How VR, AR, and the metaverse will change our lives - maybe

Augmented Reality (AR) and Virtual Reality (VR) have the potential to significantly change the way people interact with the world and each other.

About the author

Alan Katawazi

Sr. Consultant, Product Perfect

Alan Katawazi is a Sr. Software Consultant at Product Perfect and an international bestselling author in the field of software development.

Oculus VR, a company specializing in VR technology, was acquired by Facebook in 2014. It helped to raise a fresh and new awareness of VR and sparked a resurgence of interest in the technology... at least for a bit. Mark Zuckerberg, CEO of Facebook, (Now Meta Platforms, Inc), has placed his bets. He’s all in, chips to the center of the table, and a sinister commitment to his headset-filled dystopia. The stage is set as he walks the campus - “nevermind the stock price, don’t look at that. Just trust me, it’s gonna be awesome!” He spoke to the Verge back in 2017 (which feels like an eternity ago), and predicted his own steps toward this future.

I believe that virtual and augmented reality are going to be the next major computing platform that will come after mobile. Just like mobile gave rise to new companies like Uber and Snapchat and WhatsApp, and completely changed the way we communicate and build businesses, VR and AR are going to give us that next platform that will enable even more types of amazing experiences and completely new kinds of businesses.
Mark Zuckerberg, CEO of Facebook

Oculus VR was founded in 2012 by Palmer Luckey, Brendan Iribe, and Michael Antonov. The company specializes in virtual reality (VR) hardware and software products. Oculus VR’s first product, the Oculus Rift, was released in 2016 and was designed for use with personal computers. The company has since released a number of other VR products. The Oculus Quest is a standalone VR headset that doesn't require a separate computer. Oculus VR is considered one of the pioneers in the VR industry and has played a significant role in advancing the technology and making it more accessible to the general public.

Venn diagram displaying the differences and similarities of the Metaverse, mixed reality, and immersive digital space.
The objectives of VR technology, Source: spiceworks

If you’re not as familiar, AR (Augmented Reality) and VR (Virtual Reality) are companion technologies that allow users to experience the digital environments. However, they have a fundamental difference.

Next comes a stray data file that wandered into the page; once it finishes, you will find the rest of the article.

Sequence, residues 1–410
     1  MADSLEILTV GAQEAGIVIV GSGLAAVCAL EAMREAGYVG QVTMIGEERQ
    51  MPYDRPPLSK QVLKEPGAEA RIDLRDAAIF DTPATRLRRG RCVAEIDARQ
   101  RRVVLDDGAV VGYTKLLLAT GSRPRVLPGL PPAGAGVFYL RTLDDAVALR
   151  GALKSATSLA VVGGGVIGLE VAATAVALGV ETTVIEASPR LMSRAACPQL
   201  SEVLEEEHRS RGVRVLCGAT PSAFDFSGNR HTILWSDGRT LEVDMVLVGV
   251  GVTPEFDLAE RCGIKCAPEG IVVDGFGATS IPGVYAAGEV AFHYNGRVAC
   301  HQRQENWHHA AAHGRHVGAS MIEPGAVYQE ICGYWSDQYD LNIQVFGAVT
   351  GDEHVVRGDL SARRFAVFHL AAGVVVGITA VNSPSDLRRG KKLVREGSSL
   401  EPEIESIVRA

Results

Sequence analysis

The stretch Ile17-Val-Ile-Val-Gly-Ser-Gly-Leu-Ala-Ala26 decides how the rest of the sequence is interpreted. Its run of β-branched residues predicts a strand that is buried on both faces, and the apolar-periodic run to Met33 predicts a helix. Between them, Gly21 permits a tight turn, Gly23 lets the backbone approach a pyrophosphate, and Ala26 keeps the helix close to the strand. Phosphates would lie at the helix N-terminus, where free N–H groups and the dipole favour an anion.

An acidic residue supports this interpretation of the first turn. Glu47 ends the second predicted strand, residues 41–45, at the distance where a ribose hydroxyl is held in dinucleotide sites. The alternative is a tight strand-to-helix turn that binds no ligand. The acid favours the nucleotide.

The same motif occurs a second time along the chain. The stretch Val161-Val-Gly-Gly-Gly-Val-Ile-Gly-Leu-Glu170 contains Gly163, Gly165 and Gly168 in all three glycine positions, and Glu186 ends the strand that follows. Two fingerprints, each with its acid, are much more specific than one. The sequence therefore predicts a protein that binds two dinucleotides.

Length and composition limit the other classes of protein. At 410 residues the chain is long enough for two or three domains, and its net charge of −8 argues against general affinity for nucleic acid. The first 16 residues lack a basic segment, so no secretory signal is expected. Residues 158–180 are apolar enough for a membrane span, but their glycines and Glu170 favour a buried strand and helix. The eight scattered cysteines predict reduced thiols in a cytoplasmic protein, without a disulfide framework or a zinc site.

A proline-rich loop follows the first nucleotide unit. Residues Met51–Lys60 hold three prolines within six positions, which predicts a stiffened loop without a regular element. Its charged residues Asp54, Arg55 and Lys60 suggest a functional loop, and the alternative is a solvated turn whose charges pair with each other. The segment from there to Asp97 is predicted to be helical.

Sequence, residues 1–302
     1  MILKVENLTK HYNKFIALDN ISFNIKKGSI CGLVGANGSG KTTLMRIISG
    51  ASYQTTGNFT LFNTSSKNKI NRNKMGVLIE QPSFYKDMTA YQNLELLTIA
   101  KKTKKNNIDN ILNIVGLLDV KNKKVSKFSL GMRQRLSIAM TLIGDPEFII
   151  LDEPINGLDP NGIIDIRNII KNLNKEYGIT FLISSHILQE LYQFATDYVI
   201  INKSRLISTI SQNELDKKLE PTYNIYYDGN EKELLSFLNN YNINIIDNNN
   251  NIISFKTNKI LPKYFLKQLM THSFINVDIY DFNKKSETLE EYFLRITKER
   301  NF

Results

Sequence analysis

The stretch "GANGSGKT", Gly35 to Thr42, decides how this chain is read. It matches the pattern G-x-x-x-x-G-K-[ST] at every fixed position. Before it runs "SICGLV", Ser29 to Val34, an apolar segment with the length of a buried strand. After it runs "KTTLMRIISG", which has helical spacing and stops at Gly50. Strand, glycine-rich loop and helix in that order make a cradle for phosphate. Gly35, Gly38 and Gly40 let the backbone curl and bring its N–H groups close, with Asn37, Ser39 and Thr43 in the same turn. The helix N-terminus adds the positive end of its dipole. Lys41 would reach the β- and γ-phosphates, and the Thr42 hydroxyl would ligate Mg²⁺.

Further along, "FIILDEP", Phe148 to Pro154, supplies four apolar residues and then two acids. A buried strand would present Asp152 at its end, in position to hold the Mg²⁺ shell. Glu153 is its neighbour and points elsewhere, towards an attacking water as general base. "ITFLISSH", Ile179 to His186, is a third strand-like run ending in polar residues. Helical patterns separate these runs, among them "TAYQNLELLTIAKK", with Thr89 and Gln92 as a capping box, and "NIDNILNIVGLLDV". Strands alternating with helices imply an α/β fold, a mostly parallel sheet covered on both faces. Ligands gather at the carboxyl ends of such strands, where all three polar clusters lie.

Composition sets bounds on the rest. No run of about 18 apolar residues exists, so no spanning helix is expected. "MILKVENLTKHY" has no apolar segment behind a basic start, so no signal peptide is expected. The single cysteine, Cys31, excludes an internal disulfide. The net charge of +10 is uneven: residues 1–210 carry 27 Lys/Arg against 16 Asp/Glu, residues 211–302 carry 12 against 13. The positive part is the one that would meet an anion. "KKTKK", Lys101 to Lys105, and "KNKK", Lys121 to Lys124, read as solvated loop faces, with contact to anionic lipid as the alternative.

AR technology involves adding digital elements to the user's physical environment, allowing them to see the real world with a digital overlay. The best known example of this is the heads up display in a fighter jet. AR enhances the physical world with virtual information.  This allows the user to interact with digital objects without walking into walls. Alternatively, the user may interact normally with the physical world while monitoring information of interest, such as the price of bauxite in China, in a digital overlay. Finally, the digital overlay may respect and enhance perception of the physical world as well as throw in some digital tidbits, to the relief, say, of our fighter pilot approaching the carrier on a foggy evening. I believe I will await the VR version of that AR use case...

a wheel visually showing some limited industries using VR technology
Some limited industry-based use of VR

VR technology, on the other hand, completely immerses the user in a digital environment, blocking out the physical world. The user is transported to a virtual world and interacts with digital objects within that world. The user can experience a completely artificial environment, where all senses are stimulated to give a more realistic experience. To continue with our fighter pilot example, the aforementioned VR simulation of the real world AR might allow the pilot in training to embrace the adage “never accept a low ball” without actually dying in a fiery crash into the stern of the ship.

Chart showing revenue for VR going up from 2016 to 2025.
Revenue for the creative economy spent on VR for F1, Source: researchgate

Augmented Reality (AR) and Virtual Reality (VR) have the potential to significantly change the way people interact with the world and each other.